SUPERCARS CEO Sean Seamer revealed a decision on whether the category adopts paddle-shift for Gen3 will be made within a fortnight, before shutting down further talk of the change in a fiery press conference.
The reveal of the 2023 Gen3 prototype cars at Bathurst on Friday morning was followed by a press conference that also featured representatives from Ford, Chevrolet, Dick Johnson Racing and Triple Eight.
Supercars is yet to decide whether it will move away from its traditional stick-shift in favour of the controversial paddles for Gen3, despite almost a year of public and private bickering on the subject.
GALLERY: The Gen3 Ford Mustang GT Supercar
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The Camaro prototype is currently fitted with paddles, while the Mustang has a gearstick – but it is connected to an electronic actuator, rather than the current mechanical linkage.
The latter is a compromise designed to appease a push from teams for paddles based on reducing wear and tear on engines, while quelling anger among drivers and the fanbase.
Drivers have largely decried the potential loss of the skills involved in manipulating a mechanical gearchange, while fans – and some within the sport – are concerned about losing the ‘theatre’ of the stick.
When the topic of the gear-shift debate was brought up in the press conference, DJR’s Rob Herrod immediately made his allegiance clear, declaring “it’s gotta be a stick shift.”
“If you’ve got two fingers just moving a paddle-shift, that ain’t entertainment,” he added. “You want those downshifts, you want to make it look real.”
Triple Eight boss Roland Dane though blasted the option currently in the DJR car, labelling it a “con” and “bullshitting fans’.
“I’m totally ambivalent about it, I don’t mind whether we have a paddle-shift or a manual change,” he said.
“What I don’t want to see is… having a gearshift that is just connected to a paddle-shift is a con and a complete waste of time.
“Either have a proper manual gearshift like we have now, which I’ve got no objection to, or have a paddle-shift, don’t try and con people with something in between.
“If I wear a Triple Eight hat for a minute rather than a personal one, a manual shift will only help us from a Triple Eight point of view.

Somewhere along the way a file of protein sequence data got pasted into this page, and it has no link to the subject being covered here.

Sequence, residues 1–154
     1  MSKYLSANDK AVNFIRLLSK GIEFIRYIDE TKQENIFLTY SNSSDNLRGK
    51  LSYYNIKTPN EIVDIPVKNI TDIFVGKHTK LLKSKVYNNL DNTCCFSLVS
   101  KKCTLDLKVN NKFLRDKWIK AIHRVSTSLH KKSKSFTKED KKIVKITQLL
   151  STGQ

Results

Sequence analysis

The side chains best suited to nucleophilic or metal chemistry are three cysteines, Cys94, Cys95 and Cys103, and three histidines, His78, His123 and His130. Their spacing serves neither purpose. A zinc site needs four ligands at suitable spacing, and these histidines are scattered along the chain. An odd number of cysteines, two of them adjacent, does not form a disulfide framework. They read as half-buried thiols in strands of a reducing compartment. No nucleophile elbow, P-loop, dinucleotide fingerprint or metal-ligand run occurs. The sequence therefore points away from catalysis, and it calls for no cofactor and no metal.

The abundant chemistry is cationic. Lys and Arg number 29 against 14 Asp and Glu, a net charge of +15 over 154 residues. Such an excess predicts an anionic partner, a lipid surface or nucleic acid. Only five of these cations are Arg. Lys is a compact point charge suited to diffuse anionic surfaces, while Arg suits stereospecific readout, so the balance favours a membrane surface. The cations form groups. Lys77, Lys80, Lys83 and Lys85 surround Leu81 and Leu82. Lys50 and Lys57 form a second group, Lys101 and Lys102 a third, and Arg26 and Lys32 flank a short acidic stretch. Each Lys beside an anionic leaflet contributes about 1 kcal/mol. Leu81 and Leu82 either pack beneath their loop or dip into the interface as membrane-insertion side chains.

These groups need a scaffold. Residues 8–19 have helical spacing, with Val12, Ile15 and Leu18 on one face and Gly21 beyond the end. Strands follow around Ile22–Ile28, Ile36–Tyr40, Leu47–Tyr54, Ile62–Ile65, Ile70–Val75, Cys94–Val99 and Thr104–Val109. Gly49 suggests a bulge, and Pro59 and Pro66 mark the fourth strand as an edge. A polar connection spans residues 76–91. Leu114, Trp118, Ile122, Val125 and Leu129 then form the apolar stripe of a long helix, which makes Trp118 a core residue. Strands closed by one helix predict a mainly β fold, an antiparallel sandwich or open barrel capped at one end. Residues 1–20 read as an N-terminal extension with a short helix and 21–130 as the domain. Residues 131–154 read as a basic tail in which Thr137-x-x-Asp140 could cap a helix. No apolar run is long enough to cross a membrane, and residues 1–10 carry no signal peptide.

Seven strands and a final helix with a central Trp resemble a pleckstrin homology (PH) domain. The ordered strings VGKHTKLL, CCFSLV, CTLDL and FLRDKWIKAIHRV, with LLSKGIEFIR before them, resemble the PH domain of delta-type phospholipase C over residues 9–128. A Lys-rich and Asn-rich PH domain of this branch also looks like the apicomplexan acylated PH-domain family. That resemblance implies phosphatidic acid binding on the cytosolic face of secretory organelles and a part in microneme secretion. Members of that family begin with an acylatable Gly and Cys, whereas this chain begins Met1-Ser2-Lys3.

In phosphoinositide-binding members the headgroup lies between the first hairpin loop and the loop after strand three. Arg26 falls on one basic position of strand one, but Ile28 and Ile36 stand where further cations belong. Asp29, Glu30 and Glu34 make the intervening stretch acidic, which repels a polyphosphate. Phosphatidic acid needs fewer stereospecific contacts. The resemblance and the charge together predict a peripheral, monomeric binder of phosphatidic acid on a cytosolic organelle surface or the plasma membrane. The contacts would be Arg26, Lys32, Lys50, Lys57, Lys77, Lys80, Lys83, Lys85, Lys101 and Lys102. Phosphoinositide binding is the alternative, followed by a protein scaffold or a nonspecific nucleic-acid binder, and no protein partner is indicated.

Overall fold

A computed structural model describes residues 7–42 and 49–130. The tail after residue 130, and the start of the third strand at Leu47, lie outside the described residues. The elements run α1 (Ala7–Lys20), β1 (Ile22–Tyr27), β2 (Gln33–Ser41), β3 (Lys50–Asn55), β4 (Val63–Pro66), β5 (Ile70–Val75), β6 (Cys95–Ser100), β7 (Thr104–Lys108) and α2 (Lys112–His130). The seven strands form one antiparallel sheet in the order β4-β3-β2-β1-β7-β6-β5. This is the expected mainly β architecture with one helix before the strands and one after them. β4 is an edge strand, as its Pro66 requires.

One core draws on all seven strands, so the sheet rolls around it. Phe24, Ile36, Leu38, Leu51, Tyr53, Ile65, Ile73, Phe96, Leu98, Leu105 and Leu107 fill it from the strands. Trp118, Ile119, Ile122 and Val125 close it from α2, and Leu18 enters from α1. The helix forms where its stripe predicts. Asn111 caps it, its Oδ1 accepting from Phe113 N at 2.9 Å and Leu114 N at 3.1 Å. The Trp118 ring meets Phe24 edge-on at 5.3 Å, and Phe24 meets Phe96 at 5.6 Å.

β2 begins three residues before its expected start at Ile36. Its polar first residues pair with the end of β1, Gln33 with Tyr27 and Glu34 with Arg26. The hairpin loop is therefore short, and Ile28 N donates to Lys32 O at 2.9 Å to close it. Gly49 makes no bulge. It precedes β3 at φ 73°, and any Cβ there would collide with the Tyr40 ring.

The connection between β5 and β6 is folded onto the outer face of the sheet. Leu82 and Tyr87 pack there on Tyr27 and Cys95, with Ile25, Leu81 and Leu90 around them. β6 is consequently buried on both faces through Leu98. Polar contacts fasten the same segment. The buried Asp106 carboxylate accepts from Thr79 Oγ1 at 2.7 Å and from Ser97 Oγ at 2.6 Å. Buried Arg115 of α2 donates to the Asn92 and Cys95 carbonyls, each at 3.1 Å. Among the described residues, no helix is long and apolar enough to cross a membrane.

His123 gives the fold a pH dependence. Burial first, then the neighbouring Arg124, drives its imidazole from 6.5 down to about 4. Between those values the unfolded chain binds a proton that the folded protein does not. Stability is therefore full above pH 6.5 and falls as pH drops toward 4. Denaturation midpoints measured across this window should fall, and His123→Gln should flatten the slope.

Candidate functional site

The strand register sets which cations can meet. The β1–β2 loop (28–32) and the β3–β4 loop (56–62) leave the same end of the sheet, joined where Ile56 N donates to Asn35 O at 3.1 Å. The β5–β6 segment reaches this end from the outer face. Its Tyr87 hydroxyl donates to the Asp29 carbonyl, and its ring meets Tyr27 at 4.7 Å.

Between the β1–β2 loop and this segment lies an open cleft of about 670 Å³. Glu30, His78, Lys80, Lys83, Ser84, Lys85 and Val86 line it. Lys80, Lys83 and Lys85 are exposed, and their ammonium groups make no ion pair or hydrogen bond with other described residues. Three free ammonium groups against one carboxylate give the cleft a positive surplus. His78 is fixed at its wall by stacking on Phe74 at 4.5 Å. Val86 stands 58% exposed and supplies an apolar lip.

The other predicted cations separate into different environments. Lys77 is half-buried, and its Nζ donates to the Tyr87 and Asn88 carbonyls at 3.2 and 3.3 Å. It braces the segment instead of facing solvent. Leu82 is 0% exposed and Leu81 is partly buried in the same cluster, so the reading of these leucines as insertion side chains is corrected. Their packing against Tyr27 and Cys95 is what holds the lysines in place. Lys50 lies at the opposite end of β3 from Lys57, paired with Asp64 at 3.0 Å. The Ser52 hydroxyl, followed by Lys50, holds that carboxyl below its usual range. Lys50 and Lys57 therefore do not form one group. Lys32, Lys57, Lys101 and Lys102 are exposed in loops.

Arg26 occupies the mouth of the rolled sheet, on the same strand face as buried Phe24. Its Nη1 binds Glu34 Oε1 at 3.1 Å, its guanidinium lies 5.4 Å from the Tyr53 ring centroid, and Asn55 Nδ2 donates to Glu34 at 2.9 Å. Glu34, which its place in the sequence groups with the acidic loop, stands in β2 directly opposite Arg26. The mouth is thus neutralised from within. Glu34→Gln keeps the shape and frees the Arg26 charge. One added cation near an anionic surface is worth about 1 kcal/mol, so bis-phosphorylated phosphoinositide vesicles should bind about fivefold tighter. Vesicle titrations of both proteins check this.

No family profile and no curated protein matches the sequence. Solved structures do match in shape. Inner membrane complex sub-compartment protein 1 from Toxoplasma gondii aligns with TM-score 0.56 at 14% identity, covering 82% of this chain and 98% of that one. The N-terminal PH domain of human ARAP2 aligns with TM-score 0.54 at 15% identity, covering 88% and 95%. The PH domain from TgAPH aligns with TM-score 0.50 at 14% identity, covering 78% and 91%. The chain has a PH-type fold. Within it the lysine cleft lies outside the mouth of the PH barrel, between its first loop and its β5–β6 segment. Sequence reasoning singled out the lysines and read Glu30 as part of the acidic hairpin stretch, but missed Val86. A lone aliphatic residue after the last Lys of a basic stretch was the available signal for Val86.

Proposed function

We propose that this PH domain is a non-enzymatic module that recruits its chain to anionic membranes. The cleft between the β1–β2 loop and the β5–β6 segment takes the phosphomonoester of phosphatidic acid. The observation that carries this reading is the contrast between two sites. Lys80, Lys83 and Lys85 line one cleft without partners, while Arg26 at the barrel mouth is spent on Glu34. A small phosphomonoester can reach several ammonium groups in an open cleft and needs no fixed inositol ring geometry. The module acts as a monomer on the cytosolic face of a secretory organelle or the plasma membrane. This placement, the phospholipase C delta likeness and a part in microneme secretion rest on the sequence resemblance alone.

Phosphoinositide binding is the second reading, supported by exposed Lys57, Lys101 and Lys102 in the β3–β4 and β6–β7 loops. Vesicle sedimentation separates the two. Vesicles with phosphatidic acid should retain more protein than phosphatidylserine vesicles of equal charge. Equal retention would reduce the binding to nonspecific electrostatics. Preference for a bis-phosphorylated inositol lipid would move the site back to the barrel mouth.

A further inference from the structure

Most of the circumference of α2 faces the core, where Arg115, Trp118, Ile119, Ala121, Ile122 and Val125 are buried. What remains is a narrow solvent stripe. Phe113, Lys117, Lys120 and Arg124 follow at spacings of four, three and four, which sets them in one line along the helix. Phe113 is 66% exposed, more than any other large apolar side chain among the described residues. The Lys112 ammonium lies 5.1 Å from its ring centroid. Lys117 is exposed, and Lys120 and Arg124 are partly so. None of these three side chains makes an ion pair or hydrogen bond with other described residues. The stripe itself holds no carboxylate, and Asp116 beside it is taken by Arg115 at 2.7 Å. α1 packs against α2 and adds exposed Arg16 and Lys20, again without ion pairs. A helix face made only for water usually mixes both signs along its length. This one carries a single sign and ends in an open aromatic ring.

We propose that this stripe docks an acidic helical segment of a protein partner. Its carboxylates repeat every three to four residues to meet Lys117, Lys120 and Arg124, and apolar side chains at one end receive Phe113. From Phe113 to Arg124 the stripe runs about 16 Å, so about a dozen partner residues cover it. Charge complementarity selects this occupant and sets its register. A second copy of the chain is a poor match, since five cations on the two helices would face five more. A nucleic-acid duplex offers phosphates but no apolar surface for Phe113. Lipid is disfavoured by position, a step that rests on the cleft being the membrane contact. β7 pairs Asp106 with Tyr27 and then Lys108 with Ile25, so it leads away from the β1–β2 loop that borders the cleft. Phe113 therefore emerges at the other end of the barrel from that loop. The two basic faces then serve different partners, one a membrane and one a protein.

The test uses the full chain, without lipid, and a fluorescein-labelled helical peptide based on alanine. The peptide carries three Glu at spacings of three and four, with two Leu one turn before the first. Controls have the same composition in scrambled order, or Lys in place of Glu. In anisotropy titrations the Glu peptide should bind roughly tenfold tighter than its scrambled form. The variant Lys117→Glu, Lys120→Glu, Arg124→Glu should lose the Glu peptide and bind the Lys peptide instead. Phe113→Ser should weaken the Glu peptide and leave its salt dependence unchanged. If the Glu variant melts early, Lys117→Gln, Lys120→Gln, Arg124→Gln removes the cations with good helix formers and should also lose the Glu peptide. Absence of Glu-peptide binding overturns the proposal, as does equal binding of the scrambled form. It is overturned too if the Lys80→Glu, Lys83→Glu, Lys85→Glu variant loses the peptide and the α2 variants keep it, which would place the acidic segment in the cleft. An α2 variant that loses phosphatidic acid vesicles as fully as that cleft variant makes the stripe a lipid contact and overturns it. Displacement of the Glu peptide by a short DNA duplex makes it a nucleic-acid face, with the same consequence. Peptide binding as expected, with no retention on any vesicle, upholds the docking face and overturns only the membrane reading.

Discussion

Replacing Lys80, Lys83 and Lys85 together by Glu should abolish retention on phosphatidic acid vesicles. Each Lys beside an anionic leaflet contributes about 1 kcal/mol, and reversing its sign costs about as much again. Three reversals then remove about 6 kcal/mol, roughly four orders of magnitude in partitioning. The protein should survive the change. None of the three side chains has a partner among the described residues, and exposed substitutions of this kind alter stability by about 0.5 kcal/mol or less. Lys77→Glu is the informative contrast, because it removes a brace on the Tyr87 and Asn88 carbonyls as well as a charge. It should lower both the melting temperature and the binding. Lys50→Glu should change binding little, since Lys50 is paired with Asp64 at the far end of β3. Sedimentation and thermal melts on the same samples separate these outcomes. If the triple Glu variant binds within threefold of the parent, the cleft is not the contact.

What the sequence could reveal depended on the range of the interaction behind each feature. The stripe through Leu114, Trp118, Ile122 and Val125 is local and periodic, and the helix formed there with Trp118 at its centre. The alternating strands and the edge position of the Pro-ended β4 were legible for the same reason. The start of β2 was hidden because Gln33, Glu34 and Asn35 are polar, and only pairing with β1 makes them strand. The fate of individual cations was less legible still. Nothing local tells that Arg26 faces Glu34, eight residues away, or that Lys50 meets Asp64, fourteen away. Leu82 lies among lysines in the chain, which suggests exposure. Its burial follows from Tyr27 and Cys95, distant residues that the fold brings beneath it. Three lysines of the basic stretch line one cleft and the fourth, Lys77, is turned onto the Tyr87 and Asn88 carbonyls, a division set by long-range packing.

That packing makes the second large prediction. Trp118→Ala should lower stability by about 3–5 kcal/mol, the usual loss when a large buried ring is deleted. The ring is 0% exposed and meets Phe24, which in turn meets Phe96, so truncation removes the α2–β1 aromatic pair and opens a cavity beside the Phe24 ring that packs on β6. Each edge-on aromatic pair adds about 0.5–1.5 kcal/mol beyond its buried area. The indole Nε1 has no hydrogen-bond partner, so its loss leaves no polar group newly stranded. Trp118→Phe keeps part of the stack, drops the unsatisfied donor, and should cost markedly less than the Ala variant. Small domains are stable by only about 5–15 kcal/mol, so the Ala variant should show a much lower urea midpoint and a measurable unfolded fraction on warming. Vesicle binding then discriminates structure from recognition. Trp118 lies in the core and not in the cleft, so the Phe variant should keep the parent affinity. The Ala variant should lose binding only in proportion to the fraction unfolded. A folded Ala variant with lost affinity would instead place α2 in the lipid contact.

“But a proper manual shift, none of this having a lever that just operates a couple of switches where you’re effectively bullshitting the fans.”
Dane stressed that a decision needs to be made soon so that engine builders Mostech and KRE, who will look after all Ford and GM engines respectively under Gen3, can plan accordingly.
When asked for his view, Seamer agreed a decision needs to be made soon, adding: “We’ve got to make a call in two weeks because as Roland says we’ve got to lock down the specifications of the engines.
“If they’re going to have a manual shift then we’re going to have to make some changes to the engines, just to protect them.
“Ultimately, it’s a polarising subject, whatever decision you make you’re not going to please everybody, so we’ve got to stop trying to please everybody, just make a call and move on.”
Seamer was clearly annoyed that paddle-shift was being publicly debated on the morning of the grand launch for the Gen3 cars, in front of Ford Australia president and CEO Andrew Birkic and GM Australia and New Zealand managing director Marc Ebolo.
The two automotive heavyweights sat silent while the conversation unfolded.
“I think it’s pretty disappointing that we’re sitting here having a conversation about how we’re changing gears in these cars,” said Seamer bluntly.
“Clearly people are losing sight of the overall package. You go down there and have a look at those cars and that’s what you want to talk about?
“It’s pretty disappointing. We’ll make a call. Next question.”
When a journalist asked for further clarity from Dane on an earlier point, Seamer then interjected, shutting down any further conversation on the topic.
“Enough, seriously, can we talk about how good the cars are, market relevance, how good they’re going to sound?” he said.
Seamer had earlier been asked if driver feedback will be taken into account, and replied simply with: “We know what they want, they’re pretty vocal aren’t they?”
On that point, Dane dismissed the importance of drivers in the decision-making process.
“The ones who should be making the call are the team owners and television of Supercars, in trying to decide what’s the right path for the future for the next five, 10 years,” said Dane.
“The drivers at the end of the day are paid to do a job. I have never seen a Supercars driver turn down driving a good GT3 car, they’ve all got paddle-shift. I haven’t even seen them turning down TCR cars.
“It’s not something they fundamentally hate so much that they won’t drive a car, I think it’s more about the fans, the television and the team owners and the costs associated that Sean and his team need to take into account before they make a call.
“The call needs to be finally made by them, they’ve got inputs from teams and from television, and they’ve got to make a call and then everyone should live with it.”
The Gen3 Camaro and Mustang are set to take to the Mount Panorama Circuit for a series of demonstration runs across the weekend.